The Cambridge History of English and American Literature in 18 Volumes (1907–21).
VOLUME XV. Colonial and Revolutionary Literature; Early National Literature, Part I.

VI. Franklin

§ 14. His Politics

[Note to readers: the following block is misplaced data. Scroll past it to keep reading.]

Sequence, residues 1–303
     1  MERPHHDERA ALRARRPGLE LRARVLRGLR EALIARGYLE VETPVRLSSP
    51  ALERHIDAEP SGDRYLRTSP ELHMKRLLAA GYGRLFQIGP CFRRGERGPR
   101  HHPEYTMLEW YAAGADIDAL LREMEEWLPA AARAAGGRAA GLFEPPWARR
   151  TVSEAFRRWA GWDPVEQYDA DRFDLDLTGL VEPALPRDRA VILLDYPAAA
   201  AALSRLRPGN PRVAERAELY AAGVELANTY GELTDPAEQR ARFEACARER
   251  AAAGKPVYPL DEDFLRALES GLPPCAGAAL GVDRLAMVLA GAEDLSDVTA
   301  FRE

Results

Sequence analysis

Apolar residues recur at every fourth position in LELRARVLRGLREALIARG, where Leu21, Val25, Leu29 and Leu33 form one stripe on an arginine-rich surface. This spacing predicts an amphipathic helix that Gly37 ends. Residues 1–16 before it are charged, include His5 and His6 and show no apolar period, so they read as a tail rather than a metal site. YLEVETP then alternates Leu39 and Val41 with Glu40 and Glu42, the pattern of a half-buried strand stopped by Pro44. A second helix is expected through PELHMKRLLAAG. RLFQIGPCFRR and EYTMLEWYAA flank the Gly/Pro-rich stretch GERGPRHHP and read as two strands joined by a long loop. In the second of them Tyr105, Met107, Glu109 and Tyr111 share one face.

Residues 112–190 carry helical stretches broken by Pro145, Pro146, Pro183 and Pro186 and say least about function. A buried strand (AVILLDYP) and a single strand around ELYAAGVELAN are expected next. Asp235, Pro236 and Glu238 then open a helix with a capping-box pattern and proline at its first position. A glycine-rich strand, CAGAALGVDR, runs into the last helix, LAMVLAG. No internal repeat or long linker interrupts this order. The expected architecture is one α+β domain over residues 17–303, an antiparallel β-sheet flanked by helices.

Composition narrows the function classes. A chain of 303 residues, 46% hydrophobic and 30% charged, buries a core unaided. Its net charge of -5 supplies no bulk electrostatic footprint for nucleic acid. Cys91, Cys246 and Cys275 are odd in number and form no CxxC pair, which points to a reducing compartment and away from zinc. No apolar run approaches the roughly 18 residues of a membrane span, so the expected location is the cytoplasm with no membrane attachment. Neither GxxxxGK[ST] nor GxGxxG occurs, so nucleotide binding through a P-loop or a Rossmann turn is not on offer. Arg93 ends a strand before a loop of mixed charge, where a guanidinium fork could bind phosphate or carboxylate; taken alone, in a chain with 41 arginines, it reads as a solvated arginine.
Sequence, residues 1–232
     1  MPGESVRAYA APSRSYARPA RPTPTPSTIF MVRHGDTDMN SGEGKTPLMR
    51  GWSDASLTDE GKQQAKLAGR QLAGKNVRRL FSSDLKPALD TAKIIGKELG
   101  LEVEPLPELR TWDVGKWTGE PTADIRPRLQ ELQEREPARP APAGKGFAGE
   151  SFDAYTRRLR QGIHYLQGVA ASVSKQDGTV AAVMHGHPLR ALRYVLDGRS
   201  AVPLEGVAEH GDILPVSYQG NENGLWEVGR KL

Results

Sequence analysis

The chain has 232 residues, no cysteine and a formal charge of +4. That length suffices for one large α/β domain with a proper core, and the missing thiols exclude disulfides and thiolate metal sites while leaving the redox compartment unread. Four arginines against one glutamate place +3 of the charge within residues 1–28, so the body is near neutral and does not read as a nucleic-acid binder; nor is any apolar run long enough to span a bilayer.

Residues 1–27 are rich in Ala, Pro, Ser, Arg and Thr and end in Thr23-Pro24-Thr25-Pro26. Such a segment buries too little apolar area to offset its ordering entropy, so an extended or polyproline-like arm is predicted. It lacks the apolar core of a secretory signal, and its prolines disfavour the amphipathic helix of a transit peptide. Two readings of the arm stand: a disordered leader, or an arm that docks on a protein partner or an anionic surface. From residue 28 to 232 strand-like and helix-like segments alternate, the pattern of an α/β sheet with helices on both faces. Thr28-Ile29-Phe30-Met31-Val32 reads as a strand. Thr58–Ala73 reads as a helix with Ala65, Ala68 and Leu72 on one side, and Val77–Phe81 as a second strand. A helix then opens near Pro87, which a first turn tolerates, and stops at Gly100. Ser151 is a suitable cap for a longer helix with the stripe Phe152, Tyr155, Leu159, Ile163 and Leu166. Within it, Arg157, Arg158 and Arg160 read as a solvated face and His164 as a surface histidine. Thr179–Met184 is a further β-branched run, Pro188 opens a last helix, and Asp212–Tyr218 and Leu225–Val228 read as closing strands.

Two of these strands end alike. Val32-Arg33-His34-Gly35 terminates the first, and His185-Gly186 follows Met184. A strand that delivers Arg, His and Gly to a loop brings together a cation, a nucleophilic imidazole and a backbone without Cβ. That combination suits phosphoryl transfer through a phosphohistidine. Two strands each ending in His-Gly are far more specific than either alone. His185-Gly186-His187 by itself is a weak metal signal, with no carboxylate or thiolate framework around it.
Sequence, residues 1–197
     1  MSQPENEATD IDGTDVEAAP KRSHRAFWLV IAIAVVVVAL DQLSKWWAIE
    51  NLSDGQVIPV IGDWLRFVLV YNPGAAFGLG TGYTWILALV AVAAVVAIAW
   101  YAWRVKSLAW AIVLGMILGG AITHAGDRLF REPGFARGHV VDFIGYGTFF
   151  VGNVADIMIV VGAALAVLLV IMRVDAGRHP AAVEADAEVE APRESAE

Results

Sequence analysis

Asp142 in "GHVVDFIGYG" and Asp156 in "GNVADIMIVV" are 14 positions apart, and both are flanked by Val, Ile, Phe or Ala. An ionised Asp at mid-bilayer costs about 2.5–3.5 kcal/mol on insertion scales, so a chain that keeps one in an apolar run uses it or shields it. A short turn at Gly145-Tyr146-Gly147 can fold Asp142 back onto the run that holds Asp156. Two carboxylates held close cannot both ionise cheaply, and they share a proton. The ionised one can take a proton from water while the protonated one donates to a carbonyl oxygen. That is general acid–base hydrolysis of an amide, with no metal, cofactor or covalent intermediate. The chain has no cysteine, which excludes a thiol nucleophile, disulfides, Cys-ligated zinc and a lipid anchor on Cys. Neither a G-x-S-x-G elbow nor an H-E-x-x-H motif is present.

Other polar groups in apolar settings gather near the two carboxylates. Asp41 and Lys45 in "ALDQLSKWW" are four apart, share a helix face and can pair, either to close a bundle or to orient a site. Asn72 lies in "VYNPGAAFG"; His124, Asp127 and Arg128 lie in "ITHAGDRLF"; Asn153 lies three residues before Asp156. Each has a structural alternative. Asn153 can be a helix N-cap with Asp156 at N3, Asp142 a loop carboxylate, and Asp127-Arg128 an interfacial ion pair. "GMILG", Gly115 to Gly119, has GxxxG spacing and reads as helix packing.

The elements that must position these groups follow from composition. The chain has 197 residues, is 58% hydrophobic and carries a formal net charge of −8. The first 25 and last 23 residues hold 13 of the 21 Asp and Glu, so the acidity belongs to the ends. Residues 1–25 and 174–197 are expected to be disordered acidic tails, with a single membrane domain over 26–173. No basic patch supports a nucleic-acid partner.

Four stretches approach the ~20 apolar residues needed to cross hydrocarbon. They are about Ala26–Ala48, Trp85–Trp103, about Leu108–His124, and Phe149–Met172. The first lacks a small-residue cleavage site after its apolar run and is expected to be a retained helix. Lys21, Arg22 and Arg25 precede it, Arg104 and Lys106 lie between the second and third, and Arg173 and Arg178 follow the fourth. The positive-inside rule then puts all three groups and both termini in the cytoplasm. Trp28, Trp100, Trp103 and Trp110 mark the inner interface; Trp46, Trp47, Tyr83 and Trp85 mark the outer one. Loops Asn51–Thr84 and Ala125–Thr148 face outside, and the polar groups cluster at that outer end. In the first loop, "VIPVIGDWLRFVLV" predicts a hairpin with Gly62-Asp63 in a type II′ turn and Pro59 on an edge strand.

It is perhaps in the field of politics that Franklin exhibits the most marked development of his power and his vision. A realistic inductive thinker, well versed in the rudiments of his subject long before the revolutionary theorists handled it, he was not rendered by any preconception of abstract rights indocile to the lessons of his immense political experience. He formulated his conceptions in the thick of existing conditions, and always with reference to what was expedient and possible as well as to what was desirable. He served his apprenticeship in the Philadelphia Junto Club, which at its inception was little more than a village improvement society, but which threw out branches till it became a power in the province, and a considerable factor in the affairs of the colonies. In this association he learned the importance of co-operation, mastered the tactics of organization, practised the art of getting propaganda afoot, and discovered the great secret of converting private desires into public demands. In proposing in 1754 his plan for a union of the colonies he was applying to larger units the principle of co-operative action by which he had built up what we might call to-day his “machine” in Pennsylvania. Writers like Milton and Algernon Sidney had reenforced his natural inclination towards liberal forms of government. But he had in too large measure the instincts and the ideas of a leader, and he had too much experience with the conflicting prejudices and the resultant compromises of popular assemblies, to feel any profound reverence for the “collective wisdom” of the people. “If all officers appointed by governors were always men of merit,” he wrote in his Dialogue Concerning the Present State of Affairs in Pennsylvania, “it would be wrong ever to hazard a popular election.” That his belief in popular representation was due as much to his sense of its political expediency as to his sense of its political justice is suggested by a passage in his letter on the imposition of direct taxes addressed to Governor Shirley, 18 December, 1754: “In matters of general concern to the people, and especially where burthens are to be laid upon them, it is of use to consider, as well what they will be apt to think and say, as what they ought to think.” His sojourn in England widened his horizons, but not beyond the bounds of his nationality. As agent, he felt himself essentially a colonial Englishman pleading for the extension of English laws to British subjects across the sea, and playing up to the Imperial policy of crushing out the colonizing and commercial rivalry of France. The ultimate failure of his mission of reconciliation effected no sudden transformation of his political ideas; it rather overwhelmed him with disgust at the folly, the obstinacy, and the corruption rampant among English politicians of the period. He returned to the arms of the people because he had been hurled from the arms of the king; and he embraced their new principles because he was sure that they could not be worse applied than his old ones. His respect for the popular will was inevitably heightened by his share in executing it in the thrilling days when he was helping his fellow-countrymen to declare their independence, and was earning the superb epigraph of Turgot: Eripuit fulmen coelo, sceptrumque tyrannis. His official residence in France completely dissolved his former antagonism to that country. In the early stages of the conflict his wrath was bitter enough towards England, but long before it was over he had taken the ground of radical pacificism, reiterating his conviction that “there is no good war and no bad peace.” He who had financed the Revolution had seen too much non-productive expenditure of moral and physical capital to believe in the appeal to arms. If nations required enlargement of their territories, it was a mere matter of arithmetic, he contended, to show that the cheapest way was purchase. “Justice,” he declared, “is as strictly due between neighbour Nations as between neighbour Citizens, … and a Nation that makes an unjust War, is only a great Gang.” So far as he was able, he mitigated the afflictions of noncombatants. He proposed by international law to exempt from peril fishermen and farmers and the productive workers of the world. He ordered the privateersmen under his control to safeguard the lives and property of explorers and men of science belonging to the enemy country; and he advocated for the future the abolition of the custom of commissioning privateers. In the treaty which he negotiated with Prussia he actually obtained the incorporation of an article so restricting the “zone of war” as to make a war between Prussia and the United States under its terms virtually impossible. His diplomatic intercourse in Europe and his association with the Physiocrats had opened his eyes to the common interests of all pacific peoples and to the inestimable advantages of a general amity among the nations. His ultimate political ideal included nothing short of the welfare and the commercial federation of the world. To that extent he was a believer in “majority interests.” It may be further said that his political development was marked by a growing mastery of the art of dealing with men and by a steady approximation of his political to his personal morality.